INTERVIEW: CTA’s Gary Shapiro on the future of CES and why British tech innovation needs a boost

After celebrating a record breaking CES 2016 trade show as well as a second successful year for CES Asia, the Consumer Technology Association is going from strength to strength.

PCR editor Dominic Sacco sits down with the Consumer Technology Association’s president and CEO Gary Shapiro to discuss what’s next for tech, why Britain is falling behind France in terms of innovation, and the future of CES…

You held your second annual CES Asia event in May. What was the thinking behind launching a separate CES event in Shanghai?

Did it come from demand from partners and the industry? Absolutely. China didn’t have a major event for consumer technology. The reason we started the event is because major American, Chinese and European companies asked to have an event in China with the quality of CES’ Vegas show. So we did – and it’s proven to be very successful.

We’ve gone from two halls in 2015 to four halls this year, and we have attracted an international audience of 30,000 attendees, over 350 exhibitors, about 1,000 media, 50 conference sessions and 15 product categories.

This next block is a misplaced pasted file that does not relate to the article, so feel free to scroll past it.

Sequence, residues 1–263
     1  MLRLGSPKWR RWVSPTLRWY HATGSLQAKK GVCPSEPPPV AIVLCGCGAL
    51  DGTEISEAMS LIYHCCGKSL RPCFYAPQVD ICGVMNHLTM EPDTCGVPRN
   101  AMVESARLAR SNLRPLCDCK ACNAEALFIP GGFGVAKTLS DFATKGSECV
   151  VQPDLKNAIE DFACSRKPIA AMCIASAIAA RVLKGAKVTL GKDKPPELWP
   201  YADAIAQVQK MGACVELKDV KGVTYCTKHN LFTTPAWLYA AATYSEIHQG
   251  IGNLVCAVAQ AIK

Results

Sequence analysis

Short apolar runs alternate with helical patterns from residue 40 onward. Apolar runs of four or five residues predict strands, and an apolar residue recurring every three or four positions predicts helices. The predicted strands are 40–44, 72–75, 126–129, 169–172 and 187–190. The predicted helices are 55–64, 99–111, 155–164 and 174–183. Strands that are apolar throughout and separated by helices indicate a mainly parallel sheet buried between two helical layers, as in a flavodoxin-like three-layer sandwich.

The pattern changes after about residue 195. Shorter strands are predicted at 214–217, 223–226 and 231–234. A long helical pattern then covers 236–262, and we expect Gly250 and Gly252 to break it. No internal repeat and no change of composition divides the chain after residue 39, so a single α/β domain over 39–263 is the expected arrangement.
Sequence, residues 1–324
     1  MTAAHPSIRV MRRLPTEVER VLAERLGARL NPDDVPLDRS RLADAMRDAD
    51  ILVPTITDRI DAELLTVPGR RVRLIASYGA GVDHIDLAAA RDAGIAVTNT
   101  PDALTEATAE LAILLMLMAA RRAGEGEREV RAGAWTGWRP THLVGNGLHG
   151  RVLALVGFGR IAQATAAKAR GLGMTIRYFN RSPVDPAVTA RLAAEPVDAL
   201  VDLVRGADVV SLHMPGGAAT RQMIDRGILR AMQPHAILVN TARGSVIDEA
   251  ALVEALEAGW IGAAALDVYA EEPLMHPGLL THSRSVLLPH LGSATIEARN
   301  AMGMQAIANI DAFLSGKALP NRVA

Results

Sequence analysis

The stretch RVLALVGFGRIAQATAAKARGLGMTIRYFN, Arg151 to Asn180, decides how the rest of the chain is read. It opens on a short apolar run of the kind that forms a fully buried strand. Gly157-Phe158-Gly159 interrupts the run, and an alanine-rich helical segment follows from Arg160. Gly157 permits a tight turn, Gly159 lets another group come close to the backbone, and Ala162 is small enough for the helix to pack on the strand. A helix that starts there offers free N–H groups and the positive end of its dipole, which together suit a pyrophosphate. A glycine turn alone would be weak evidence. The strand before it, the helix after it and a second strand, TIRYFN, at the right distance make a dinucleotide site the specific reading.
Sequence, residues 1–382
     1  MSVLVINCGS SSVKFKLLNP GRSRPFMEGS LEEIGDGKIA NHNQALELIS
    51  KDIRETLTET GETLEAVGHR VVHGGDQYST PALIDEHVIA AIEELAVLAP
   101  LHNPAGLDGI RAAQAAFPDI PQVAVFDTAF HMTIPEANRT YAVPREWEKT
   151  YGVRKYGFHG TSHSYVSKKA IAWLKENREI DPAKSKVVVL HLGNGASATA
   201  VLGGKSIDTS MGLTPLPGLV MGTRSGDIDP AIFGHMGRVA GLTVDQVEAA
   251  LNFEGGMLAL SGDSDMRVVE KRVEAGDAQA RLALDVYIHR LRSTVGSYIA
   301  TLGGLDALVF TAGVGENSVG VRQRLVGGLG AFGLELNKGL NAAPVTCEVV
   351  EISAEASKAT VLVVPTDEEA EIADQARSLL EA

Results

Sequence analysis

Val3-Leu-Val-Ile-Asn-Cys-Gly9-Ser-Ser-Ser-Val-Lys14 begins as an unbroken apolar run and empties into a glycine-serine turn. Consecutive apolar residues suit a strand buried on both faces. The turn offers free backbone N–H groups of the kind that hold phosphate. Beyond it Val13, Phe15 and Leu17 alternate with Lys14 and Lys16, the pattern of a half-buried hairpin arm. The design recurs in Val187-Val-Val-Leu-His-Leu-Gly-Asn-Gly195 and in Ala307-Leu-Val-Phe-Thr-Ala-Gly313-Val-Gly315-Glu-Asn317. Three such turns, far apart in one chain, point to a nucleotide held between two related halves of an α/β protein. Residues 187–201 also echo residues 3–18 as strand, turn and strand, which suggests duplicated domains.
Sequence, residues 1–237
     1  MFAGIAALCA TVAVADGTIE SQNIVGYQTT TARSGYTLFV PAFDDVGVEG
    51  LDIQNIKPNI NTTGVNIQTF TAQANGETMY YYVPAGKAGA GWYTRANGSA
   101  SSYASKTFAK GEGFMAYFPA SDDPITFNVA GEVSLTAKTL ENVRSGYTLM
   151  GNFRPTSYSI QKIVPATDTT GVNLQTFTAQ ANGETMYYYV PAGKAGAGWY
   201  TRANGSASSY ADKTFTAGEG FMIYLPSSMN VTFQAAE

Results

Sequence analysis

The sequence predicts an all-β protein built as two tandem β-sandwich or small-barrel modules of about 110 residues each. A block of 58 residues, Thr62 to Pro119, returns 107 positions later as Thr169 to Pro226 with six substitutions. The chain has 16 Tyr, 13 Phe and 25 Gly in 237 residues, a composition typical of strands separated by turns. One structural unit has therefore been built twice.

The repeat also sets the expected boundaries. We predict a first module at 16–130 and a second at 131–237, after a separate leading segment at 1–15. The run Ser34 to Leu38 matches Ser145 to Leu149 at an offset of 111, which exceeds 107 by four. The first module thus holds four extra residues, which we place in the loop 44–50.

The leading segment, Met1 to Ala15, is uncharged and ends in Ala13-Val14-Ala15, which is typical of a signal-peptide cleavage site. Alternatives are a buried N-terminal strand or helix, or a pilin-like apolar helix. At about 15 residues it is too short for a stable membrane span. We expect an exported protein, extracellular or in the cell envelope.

Our only competitor, if you will, is CES in Las Vegas, which is so large and successful – this will be our 50th year. We’ve had 50 years to build up CES in Las Vegas and now we’re in our second year with CES Asia. So it’s a much smaller event by comparison, but the conferences and keynotes are still pretty comprehensive. We’ve got a lot of good feedback from those that exhibited and those that attended.

Why should companies visit the Asia show rather than Las Vegas?

They shouldn’t go unless they care about reaching the Asian population. It’s a pathway to Asia, just as CES is a pathway to the world. There are great shows in Asia but they’re country-specific shows. The Japan Electronics Show is a quiet show but they have some great technology there. The Korea Electronics Show has a lot of manufacturing. And there’s the Hong Kong Electronics Show. We don’t really see those shows as competitors – we have different areas we’re focusing on and we don’t overlap.